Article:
Our first and natural reaction is to assume that the speaker is using the word in our sense, that he believes as we do on this important subject. This makes us far less suspicious than we ought to be when the speaker begins telling us the things about it. The Glittering Generality is, basically, Name Calling in reverse. While Name Calling makes us form a judgment to reject and criticize without examining the evidence, the Glittering Generality device seeks to make us approve and accept without examining the evidence. The Institute for Propaganda Analysis suggested a number of questions that people should ask themselves when confronted with this technique: Is an idea that does not serve my best interests being "sold" to me merely through its being given a name that I like? Leaving the virtue word out of consideration, what are the qualities of the idea itself? Transfer is using symbols for something that they were not meant to be used for. Transfer is a device by which the propagandist carries over the authority, and reputation of something we respect to something he would have us accept.
For example, most of us respect and revere our church and our nation. If the propagandist succeeds in getting church or nation to approve a campaign in behalf of some program, he thereby transfers its authority, reputation, and prestige to that program. Thus, we may accept something which otherwise we might reject. In the Transfer device, symbols are constantly used. The cross represents the Christian Church. The flag represents the nation.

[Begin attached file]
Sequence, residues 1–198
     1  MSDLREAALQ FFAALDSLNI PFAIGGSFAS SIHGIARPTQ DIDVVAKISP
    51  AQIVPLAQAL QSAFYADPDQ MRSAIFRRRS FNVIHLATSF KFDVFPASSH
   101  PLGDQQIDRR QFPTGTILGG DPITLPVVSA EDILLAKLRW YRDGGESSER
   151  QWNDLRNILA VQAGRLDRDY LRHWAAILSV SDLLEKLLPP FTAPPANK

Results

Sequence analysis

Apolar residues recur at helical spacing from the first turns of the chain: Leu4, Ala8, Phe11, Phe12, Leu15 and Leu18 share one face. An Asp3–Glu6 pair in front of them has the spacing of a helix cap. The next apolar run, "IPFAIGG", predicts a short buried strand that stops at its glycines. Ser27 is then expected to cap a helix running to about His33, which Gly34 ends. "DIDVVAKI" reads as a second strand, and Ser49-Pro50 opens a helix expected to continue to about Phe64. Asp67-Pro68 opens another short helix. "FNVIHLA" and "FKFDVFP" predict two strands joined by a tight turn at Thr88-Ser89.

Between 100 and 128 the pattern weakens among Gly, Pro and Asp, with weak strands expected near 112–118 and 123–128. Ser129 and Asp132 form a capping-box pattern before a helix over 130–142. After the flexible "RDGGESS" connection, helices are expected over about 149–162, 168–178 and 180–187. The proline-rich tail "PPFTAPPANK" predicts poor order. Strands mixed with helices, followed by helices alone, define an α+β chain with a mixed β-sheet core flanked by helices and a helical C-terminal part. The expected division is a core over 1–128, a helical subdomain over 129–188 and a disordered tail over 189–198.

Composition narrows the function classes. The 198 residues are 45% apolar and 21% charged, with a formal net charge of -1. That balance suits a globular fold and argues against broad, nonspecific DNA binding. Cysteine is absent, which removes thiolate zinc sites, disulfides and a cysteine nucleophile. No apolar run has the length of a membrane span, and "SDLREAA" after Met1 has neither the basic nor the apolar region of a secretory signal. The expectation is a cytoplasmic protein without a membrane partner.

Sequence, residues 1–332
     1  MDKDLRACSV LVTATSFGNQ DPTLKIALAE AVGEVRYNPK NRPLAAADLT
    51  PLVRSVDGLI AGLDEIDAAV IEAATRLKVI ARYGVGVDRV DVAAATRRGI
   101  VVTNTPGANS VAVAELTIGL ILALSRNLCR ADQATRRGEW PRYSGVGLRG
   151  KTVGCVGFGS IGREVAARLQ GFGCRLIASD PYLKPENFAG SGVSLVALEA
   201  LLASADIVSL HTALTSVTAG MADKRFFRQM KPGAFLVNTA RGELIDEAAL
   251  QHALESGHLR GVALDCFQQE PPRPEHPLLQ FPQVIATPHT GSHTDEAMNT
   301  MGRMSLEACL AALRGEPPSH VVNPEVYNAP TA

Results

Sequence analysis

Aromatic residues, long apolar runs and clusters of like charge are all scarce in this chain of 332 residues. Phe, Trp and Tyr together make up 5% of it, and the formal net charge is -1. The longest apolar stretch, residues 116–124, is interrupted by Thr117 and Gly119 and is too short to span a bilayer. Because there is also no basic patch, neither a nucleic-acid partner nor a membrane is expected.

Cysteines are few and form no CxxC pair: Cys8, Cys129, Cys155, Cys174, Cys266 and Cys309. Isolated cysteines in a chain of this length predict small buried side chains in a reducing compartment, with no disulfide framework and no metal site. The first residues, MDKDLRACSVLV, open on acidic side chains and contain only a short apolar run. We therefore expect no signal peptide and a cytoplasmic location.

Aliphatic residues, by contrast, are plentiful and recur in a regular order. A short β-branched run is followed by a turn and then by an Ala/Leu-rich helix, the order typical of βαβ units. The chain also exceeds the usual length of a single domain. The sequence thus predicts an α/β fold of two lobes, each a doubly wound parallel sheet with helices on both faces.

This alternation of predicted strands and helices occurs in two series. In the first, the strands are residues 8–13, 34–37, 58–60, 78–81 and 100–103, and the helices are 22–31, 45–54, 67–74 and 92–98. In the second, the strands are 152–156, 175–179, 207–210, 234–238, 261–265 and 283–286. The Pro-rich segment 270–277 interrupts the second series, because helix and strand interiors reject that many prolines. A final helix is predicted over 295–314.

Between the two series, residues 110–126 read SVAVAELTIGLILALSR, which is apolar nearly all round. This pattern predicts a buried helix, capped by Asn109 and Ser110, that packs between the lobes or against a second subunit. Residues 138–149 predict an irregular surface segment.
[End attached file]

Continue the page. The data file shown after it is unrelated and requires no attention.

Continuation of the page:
Cartoons like Uncle Sam represent a consensus of public opinion. Those symbols stir emotions. At their very sight, is aroused the whole complex of feelings we have with respect to church or nation. A cartoonist, by having Uncle Sam disapprove a budget for unemployment relief, would have us feel that the whole United States disapproves relief costs. By drawing an Uncle Sam who approves the same budget, the cartoonist would have us feel that the American people approve it. Thus, the Transfer device is used both for and against causes and ideas." Testimonials is getting a well-known person to endorse a product or idea. There is nothing wrong with citing a qualified source, and the testimonial technique can be used to construct a fair, well-balanced argument. However, it is often used in ways that are unfair and misleading. The most common misuse of the testimonial involves citing individuals who are not qualified to make judgments about a particular issue.